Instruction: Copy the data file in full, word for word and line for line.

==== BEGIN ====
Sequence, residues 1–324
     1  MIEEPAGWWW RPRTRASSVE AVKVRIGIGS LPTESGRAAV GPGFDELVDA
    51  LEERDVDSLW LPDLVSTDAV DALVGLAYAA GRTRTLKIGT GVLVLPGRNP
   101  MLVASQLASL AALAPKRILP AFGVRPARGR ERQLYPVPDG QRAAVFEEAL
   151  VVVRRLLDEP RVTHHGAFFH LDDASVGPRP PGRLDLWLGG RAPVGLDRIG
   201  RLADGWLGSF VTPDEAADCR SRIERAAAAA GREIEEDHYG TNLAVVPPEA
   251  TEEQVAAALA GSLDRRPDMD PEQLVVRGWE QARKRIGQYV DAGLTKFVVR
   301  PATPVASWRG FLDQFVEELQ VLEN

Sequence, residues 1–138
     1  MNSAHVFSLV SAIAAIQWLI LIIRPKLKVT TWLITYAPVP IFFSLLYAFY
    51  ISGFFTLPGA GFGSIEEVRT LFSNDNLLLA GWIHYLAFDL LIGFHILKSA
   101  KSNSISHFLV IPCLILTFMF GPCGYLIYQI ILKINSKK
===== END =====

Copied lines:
Sequence, residues 1–324
     1  MIEEPAGWWW RPRTRASSVE AVKVRIGIGS LPTESGRAAV GPGFDELVDA
    51  LEERDVDSLW LPDLVSTDAV DALVGLAYAA GRTRTLKIGT GVLVLPGRNP
   101  MLVASQLASL AALAPKRILP AFGVRPARGR ERQLYPVPDG QRAAVFEEAL
   151  VVVRRLLDEP RVTHHGAFFH LDDASVGPRP PGRLDLWLGG RAPVGLDRIG
   201  RLADGWLGSF VTPDEAADCR SRIERAAAAA GREIEEDHYG TNLAVVPPEA
   251  TEEQVAAALA GSLDRRPDMD PEQLVVRGWE QARKRIGQYV DAGLTKFVVR
   301  PATPVASWRG FLDQFVEELQ VLEN

Sequence, residues 1–138
     1  MNSAHVFSLV SAIAAIQWLI LIIRPKLKVT TWLITYAPVP IFFSLLYAFY
    51  ISGFFTLPGA GFGSIEEVRT LFSNDNLLLA GWIHYLAFDL LIGFHILKSA
   101  KSNSISHFLV IPCLILTFMF GPCGYLIYQI ILKINSKK